Lathrop v. Judson
THIS case was brought up, by writ of error, from the Circuit Court of the United States for the eastern district of Louisiana.
The suit was commenced by Charles Judson, a citizen of New York, to recover from Lathrop the amount of a judgment rendered by the Supreme Court of Louisiana, in June, 1851, for $1,810, with interest from the 2d of May, 1845. The plaintiff attached to his petition a copy of the record of the judgment. The suit was commenced on 6th May, 1854.
On the 18th of May, the defendant filed the following exception and plea:
To the Hon. the Judges of the Circuit Court of the United States for the Fifth Circuit and Eastern District of Louisiana:
The exception and plea to the jurisdiction of Charles C. Lathrop, of New Orleans, to the petition filed against him in this honorable court, by Charles Judson, of the State of New York.
This respondent alleges, that this honorable court has no jurisdiction of the suit instituted in this matter, the same having been litigated and deceden in the courts of the State of Louisiana, and an execution having been issued on the judgment in said suit by the said Charles Judson against this respondent, under which execution a seizure has been made of certain property as belonging to this respondent, and which execution has not yet been returned; all of which will fully appear by reference to the suit No. 16,671, of the docket of the late Parish Court of New Orleans, transferred to the Third District Court of New Orleans, and to the notice of seizure, herewith filed. Wherefore, this respondent prays that his exception may be sustained, and that he may be excused from answering to said petition, and that he may be hence dismissed with his costs.
In June, 1854, the court ordered and adjudged that the said exception be dismissed at defendant's costs.
On the same day, Lathrop filed his answer, alleging that on the 11th of February, 1851, he had made a cession of all his property to his creditors, under the insolvent laws of Louisiana; that the plaintiff in the suit was placed on the list of creditors for the amount of the judgment; that the debt for which the judgment was rendered was contracted in Louisiana, and that the plaintiff bought the debt at the sale by the U.S. Marshal, &c., &c. To sustain this answer, the defendant produced the record in insolvency.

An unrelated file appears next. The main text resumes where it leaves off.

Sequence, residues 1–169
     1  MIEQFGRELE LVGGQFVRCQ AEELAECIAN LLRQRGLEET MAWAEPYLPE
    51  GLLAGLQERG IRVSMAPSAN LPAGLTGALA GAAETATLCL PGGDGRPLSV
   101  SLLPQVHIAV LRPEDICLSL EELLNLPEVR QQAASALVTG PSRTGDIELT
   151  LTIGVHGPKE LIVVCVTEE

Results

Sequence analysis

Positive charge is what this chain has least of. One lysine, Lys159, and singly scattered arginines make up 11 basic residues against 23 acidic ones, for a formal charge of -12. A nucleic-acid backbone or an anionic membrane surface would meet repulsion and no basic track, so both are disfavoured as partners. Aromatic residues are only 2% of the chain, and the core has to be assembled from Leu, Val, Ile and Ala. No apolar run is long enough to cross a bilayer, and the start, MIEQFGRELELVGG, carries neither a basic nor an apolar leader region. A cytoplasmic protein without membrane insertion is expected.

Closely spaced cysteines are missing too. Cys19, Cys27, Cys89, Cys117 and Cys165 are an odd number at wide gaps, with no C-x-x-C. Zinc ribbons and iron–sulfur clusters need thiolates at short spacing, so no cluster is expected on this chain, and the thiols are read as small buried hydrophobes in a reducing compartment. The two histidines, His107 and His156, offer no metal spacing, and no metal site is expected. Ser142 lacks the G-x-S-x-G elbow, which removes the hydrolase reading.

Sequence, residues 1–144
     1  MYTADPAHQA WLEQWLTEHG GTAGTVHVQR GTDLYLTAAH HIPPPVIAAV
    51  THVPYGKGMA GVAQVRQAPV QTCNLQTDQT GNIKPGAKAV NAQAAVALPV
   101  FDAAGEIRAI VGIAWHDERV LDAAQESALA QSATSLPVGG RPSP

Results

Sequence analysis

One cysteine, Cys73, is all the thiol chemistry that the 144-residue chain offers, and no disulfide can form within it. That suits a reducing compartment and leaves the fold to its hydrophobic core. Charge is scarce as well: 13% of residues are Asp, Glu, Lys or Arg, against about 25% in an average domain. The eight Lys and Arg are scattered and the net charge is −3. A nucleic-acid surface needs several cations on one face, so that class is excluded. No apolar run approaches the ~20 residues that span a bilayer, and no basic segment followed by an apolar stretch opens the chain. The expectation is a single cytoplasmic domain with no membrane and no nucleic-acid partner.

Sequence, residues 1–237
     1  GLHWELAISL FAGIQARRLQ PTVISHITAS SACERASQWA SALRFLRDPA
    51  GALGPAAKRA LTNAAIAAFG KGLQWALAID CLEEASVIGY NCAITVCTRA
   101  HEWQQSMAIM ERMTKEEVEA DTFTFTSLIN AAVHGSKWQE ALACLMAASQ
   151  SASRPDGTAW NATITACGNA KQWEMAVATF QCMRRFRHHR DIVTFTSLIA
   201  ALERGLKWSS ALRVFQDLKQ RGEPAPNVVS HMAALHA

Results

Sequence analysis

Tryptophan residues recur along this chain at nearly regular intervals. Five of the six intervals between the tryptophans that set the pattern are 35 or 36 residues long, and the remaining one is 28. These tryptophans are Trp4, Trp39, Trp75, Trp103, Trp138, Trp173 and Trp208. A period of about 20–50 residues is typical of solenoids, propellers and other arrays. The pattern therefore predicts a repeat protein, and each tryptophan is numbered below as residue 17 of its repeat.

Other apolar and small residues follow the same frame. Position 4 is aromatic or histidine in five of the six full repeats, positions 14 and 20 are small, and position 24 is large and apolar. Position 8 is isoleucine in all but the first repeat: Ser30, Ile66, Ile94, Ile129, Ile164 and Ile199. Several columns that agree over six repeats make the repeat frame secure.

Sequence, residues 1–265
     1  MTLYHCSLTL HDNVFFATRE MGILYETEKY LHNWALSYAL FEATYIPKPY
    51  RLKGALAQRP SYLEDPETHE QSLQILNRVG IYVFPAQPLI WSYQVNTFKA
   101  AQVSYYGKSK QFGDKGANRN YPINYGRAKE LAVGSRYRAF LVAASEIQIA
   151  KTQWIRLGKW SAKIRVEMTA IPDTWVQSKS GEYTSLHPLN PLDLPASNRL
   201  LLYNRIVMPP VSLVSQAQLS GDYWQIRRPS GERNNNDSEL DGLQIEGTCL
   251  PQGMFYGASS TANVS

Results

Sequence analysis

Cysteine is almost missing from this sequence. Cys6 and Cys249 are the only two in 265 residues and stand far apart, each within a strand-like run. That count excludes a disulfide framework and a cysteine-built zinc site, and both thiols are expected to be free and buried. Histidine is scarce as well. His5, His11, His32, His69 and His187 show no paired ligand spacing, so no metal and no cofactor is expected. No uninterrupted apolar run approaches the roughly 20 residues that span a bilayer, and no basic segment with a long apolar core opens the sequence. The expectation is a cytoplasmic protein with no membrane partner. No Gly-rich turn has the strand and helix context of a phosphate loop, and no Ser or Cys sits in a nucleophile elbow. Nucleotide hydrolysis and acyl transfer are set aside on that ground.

In November, 1854, the cause came on to be heard, and was submitted to the court, when judgment was entered in favor of Judson, against Lathrop, for $1,810.50, with interest from 2d May, 1845, till paid, and costs.
Lathrop sued out a writ of error, and brought the case up to this court.
It was argued by Mr. Taylor for the plaintiff in error, and Mr. Benjamin for the defendant.
Mr. Taylor assigned for error the following:
1st. That the exception and plea to the jurisdiction of the Circuit Court, founded on the fact that there was at the time an execution then in force, upon which a seizure had been made under the judgment sued on, was improperly overruled. And
2d. That the decision of the lower court, to the effect that the original cause of indebtedness was not a Louisiana contract, upon the facts set forth in the decision of the court, is erroneous, and contrary to law.
And then made the following points:I. In Louisiana, only one execution can issue at a time on a judgment; and when a judgment is in the course of execution in one court, no judgment can be had on the same claim, unless subject to the condition that no execution issue until the result of the proceedings on the execution be ascertained. Hudson v. Dangerfield, 2 L. R., 66; Newell v. Morton, 3 R., 102; Hennen's Dig., p. 782, No. 9.
II. Contracts are governed by the law of the place where they are entered into, and an obligation contracted or incurred is payable at the domicil or residence of the obligor, in the absence of an express stipulation making it payable elsewhere. Lynch v. Postlethwaite, 7 M. R., 213; Hennen's Dig., 1,068. Com. of Laws, Nos. 4, 5, 10; Shamburgh v. Commugen, 10 M. R., 15; Hepburn v. Toledano, 10 M. R., 643; 2 N. S., 511.
Mr. Benjamin took the following view of the case:
This record exhibits a writ of error prosecuted from the judgment of the Circuit Court, but there is neither assignment of error nor bill of exceptions.
It has been so often decided by this court, that it cannot take cognisance of a cause presented in this shape, that plaintiff in error could not have taken the writ with any other design than that of obtaining delay. Wherefore it is prayed that damages be allowed under the 17th rule of court. Arthurs and al. v. Hart, 17 Howard, 6; Weems v. George and al., 13 Howard, 190-'7; Bond v. Brown, 12 Howard, 254; Field v. United States, 9 Peters, 202; United States v. King, 7 Howard, 833; Zeller's Lessee v. Kckhart, 4 Howard, 289.
Mr. Justice McLEAN delivered the opinion of the court.